If ${\cal U}$ and ${\cal V}$ are ultrafilters on non-empty sets $A$ and $B$ respectively, then the tensor product ${\cal U}\otimes{\cal V}$ is the following ultrafilter on $A\times B$: $$\big\{X\subseteq A\times B: \{a\in A:\{b\in B: (a,b)\in X\}\in {\cal V}\}\in {\cal U}\big\}.$$ It is a standard exercise to verify that this is an ultrafilter on $A\times B$.

We say two non-principal ultrafilters ${\cal U, V}$ are Rudin-Keisler equivalent if there is a bijection $\varphi:\omega\to\omega$ such that ${\cal U} =\varphi(\cal V)$, where $\varphi({\cal V}) = \{\varphi(R): R\in {\cal V}\}$.

We say an ultrafilter ${\cal Z}$ on $\omega$ is Tensor-representable if there are non-Keisler-Rudin-equivalent ultrafilters ${\cal U}, {\cal V}$ and a bijection $\psi:\omega^2\to \omega$ such that ${\cal Z} =\psi({\cal U}\otimes {\cal V})$.

What is an example of an ultrafilter ${\cal Z}$ on $\omega$ that is not Tensor-representable?


Recall that $\mathcal Z$ is a weak $P$-point if it is not in the closure of any countable subset of $\omega^* \setminus \{\mathcal Z\}$. A weak $P$-point is never the tensor product of two non-principal ultrafilters.

To see this, suppose $\mathcal U$ and $\mathcal V$ are two non-principal ultrafilters on $\omega$, and let $\mathcal Z = \mathcal U \times \mathcal V$. I will show that $\mathcal Z$ is not a weak $P$-point in the space of non-principal ultrafilters on $\omega \times \omega$. (This implies that $\psi(\mathcal Z)$ is not a weak $P$-point in $\omega^*$ for any bijection $\psi: \omega \times \omega \rightarrow \omega$.)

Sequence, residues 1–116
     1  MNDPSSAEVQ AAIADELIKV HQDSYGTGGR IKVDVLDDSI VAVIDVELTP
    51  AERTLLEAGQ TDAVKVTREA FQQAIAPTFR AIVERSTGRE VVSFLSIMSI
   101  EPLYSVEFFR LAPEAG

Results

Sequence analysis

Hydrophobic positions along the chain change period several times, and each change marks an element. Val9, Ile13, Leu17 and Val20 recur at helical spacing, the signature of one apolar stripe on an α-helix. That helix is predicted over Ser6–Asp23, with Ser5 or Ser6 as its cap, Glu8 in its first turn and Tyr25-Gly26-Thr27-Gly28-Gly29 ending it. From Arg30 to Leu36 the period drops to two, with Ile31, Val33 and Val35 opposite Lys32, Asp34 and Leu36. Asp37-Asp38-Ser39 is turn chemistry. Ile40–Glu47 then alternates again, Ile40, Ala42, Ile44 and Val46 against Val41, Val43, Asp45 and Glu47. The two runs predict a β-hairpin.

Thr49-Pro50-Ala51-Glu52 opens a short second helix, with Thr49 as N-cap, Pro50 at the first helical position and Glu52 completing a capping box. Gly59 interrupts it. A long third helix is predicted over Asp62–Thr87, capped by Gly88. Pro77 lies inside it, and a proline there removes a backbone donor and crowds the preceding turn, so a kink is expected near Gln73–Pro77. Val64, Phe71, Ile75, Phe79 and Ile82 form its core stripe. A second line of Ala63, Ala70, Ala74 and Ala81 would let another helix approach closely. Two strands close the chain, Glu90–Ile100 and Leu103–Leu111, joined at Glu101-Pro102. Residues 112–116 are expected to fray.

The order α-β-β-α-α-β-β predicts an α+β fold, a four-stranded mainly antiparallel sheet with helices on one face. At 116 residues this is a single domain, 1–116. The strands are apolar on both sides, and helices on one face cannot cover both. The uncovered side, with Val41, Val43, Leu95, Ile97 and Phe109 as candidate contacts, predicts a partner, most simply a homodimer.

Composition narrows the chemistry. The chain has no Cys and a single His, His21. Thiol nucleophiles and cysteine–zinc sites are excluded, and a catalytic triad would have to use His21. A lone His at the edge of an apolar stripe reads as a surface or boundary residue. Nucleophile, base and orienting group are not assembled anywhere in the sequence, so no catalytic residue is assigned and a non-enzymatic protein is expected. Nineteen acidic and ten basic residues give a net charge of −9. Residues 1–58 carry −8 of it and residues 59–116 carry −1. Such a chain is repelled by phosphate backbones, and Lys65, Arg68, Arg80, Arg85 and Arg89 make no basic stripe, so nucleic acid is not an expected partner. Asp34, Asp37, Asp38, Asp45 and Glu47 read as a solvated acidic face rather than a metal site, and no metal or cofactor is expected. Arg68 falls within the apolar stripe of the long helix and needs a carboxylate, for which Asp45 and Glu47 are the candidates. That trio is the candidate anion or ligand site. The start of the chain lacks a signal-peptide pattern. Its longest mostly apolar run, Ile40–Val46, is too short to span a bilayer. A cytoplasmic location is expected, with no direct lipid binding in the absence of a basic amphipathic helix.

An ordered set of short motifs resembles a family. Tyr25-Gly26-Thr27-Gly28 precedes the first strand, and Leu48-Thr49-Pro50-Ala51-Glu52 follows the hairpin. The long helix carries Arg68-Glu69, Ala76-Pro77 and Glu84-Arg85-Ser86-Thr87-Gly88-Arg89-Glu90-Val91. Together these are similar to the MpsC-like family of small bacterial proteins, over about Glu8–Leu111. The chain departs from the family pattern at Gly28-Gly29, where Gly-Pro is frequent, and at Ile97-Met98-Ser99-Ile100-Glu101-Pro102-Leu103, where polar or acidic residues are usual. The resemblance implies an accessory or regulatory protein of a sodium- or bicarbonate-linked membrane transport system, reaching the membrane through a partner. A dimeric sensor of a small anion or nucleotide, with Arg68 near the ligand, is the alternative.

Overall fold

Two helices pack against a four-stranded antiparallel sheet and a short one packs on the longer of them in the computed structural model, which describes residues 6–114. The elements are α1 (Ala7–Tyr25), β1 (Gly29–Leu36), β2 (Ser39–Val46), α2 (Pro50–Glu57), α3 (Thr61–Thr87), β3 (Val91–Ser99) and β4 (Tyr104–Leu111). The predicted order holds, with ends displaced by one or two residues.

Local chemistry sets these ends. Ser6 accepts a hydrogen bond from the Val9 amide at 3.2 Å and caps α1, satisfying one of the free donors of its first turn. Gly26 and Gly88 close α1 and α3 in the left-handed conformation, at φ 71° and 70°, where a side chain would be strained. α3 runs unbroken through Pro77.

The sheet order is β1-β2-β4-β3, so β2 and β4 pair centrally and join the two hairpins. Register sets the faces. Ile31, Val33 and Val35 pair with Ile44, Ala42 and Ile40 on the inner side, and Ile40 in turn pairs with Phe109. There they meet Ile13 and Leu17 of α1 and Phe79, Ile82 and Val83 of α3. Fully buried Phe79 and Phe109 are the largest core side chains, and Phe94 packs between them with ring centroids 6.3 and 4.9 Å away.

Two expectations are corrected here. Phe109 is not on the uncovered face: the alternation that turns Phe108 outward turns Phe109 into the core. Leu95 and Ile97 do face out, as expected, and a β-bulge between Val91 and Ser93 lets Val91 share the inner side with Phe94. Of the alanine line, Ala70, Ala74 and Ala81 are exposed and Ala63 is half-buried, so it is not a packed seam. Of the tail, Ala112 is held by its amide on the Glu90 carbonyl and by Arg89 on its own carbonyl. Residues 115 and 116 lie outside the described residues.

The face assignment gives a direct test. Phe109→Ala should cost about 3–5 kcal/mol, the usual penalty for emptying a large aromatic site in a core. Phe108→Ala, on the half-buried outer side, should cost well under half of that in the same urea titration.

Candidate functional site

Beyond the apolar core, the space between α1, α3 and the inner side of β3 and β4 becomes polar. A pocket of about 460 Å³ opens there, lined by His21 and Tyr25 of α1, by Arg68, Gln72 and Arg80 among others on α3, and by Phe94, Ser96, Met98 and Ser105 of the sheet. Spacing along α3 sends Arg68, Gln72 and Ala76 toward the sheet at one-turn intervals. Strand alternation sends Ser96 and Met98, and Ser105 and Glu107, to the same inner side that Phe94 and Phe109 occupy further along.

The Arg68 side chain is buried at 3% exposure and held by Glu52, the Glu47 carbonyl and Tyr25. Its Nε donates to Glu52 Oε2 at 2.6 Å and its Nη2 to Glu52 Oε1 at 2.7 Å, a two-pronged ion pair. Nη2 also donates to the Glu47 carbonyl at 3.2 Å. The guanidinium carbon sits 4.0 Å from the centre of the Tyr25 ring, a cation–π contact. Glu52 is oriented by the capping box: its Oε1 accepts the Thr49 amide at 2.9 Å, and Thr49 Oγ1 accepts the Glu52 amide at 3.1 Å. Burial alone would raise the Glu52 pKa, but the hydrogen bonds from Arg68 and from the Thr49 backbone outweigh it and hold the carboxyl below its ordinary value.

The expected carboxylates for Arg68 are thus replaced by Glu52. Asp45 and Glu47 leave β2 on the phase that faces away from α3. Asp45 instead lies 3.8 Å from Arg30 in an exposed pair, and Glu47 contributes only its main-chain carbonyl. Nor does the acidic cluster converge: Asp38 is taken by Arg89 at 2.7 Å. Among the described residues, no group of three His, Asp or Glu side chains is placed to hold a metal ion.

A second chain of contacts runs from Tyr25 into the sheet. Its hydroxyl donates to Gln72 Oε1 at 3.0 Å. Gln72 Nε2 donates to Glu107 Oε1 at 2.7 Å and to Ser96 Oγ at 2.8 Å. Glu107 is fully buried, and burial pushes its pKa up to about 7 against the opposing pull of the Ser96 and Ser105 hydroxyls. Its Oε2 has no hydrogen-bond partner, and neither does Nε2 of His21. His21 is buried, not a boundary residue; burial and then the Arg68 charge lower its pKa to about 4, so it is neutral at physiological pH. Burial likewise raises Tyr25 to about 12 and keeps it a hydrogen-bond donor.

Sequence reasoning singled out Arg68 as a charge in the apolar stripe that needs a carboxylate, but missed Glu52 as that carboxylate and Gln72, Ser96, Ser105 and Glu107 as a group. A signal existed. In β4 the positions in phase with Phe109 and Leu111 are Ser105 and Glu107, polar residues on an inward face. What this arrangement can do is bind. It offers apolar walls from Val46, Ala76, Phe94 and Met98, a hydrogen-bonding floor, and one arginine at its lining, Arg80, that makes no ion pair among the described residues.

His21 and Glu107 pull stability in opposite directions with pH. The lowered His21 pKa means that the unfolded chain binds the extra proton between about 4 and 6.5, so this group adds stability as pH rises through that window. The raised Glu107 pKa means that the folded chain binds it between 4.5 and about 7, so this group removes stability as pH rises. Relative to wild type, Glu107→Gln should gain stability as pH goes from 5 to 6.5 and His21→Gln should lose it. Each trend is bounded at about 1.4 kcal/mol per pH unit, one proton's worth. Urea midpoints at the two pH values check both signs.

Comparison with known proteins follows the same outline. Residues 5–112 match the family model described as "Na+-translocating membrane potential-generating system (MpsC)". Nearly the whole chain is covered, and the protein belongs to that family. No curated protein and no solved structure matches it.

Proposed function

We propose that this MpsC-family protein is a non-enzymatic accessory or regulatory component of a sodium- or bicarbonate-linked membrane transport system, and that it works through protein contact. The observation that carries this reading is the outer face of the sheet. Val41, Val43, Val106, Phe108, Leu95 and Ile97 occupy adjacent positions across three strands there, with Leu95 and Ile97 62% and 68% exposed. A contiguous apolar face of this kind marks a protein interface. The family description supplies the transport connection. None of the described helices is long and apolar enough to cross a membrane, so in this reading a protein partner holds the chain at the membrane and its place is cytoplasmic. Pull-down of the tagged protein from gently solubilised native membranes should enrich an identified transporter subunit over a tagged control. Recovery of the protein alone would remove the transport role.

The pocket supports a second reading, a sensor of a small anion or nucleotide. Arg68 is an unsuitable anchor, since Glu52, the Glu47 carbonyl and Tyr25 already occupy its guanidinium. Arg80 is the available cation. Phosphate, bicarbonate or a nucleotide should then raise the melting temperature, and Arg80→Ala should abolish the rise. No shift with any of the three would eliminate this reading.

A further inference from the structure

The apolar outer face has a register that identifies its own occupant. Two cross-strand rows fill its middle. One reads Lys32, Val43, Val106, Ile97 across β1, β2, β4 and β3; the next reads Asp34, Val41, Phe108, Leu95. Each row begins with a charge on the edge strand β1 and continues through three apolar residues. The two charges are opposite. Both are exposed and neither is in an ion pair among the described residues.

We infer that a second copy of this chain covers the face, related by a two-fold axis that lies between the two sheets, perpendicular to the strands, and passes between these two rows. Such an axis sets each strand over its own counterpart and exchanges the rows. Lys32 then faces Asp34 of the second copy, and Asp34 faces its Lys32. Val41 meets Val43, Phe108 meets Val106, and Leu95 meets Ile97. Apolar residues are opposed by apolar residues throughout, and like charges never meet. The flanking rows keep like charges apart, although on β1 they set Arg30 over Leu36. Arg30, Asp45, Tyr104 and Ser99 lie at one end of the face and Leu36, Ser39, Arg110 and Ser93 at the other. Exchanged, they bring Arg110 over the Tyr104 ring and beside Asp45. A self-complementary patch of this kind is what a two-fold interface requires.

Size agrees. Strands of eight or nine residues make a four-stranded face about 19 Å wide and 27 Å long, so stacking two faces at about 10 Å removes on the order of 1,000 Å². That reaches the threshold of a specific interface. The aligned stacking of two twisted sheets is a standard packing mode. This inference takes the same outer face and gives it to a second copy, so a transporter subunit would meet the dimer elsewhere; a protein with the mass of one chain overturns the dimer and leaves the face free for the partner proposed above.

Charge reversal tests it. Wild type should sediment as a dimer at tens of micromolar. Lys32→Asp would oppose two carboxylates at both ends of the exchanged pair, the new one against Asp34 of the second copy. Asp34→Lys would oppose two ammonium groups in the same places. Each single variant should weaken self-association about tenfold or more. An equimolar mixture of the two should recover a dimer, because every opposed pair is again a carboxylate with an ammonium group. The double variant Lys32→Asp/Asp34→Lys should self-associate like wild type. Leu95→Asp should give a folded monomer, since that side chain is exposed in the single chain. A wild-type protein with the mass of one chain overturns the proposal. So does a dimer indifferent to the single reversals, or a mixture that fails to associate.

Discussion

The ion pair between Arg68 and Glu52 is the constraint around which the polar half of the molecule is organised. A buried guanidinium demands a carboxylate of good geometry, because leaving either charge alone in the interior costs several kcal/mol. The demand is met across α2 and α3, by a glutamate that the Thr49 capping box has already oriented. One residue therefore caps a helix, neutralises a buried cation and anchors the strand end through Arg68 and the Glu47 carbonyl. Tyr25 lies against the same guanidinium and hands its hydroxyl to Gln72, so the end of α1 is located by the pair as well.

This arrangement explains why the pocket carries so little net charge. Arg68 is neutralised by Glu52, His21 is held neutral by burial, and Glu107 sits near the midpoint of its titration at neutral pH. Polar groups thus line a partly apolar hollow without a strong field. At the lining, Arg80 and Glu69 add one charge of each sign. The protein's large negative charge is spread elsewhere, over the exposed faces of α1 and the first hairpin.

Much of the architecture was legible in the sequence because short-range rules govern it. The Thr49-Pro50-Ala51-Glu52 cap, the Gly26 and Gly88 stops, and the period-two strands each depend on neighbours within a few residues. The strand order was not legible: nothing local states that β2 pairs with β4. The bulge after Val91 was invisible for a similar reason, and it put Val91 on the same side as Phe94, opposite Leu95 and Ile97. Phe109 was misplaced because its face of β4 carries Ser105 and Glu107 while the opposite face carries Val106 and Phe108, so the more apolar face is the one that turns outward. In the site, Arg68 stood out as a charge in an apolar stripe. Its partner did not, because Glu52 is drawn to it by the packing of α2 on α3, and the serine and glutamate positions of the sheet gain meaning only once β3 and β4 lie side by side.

For each $i \in \omega$, let $$v_i = \{\{i\} \times B \,:\, B \in \mathcal V\},$$ and observe that $v_i$ is a non-principal ultrafilter on $\omega \times \omega$. The set $\{v_i \,:\, i \in \omega\}$ is a countable, relatively discrete subset of $(\omega \times \omega)^*$. (It is relatively discrete because for each $i \in \omega$, $U_i = (\{i\} \times \omega)^*$ is a (cl)open subset of $(\omega \times \omega)^*$ such that $U_i \cap \{v_i \,:\, i \in \omega\} = \{v_i\}$.) Clearly $\mathcal Z$ is not equal to any of the $v_i$. Yet we have $\mathcal Z \in \overline{\{v_i \,:\, i \in \omega\}}$. Indeed, we see from the definition of $\mathcal Z$ that every neighborhood of $\mathcal Z$ in $(\omega \times \omega)^*$ contains $\mathcal U$-many of the $v_i$. (In what might be more familiar notation, this means $\mathcal Z \,=\, \mathcal U\hspace{-.5mm}-\lim_{i \in \omega} v_i$.) Thus $\mathcal Z$ is not a weak $P$-point.

Finally, let me mention that Kunen famously proved that $\omega^*$ contains weak $P$-points. Thus the above observation shows that some ultrafilters are not representable as tensor products.

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    $\begingroup$ Let me add that "weak P-point" implies "not a tensor product" with some room to spare. A tensor product is, as this answer shows, in the closure of a countable discrete set of pairwise isomorphic nonprincipal ultrafilters. I believe it was known before Kunen's theorem (and probably due to Frolik) that there are points in $\omega^*$ not in the closure of any countable discrete subset of $\omega^*$ (provably in ZFC); these are the Rudin-Frolik-minimal ultrafilters. $\endgroup$ – Andreas Blass Mar 11 at 17:56
  • $\begingroup$ Thanks Will for your really nice answer, I was amazed that the topology on $\omega^*$ would come into play! Also thank you Andreas for your helpful addition. $\endgroup$ – Dominic van der Zypen Mar 12 at 6:12

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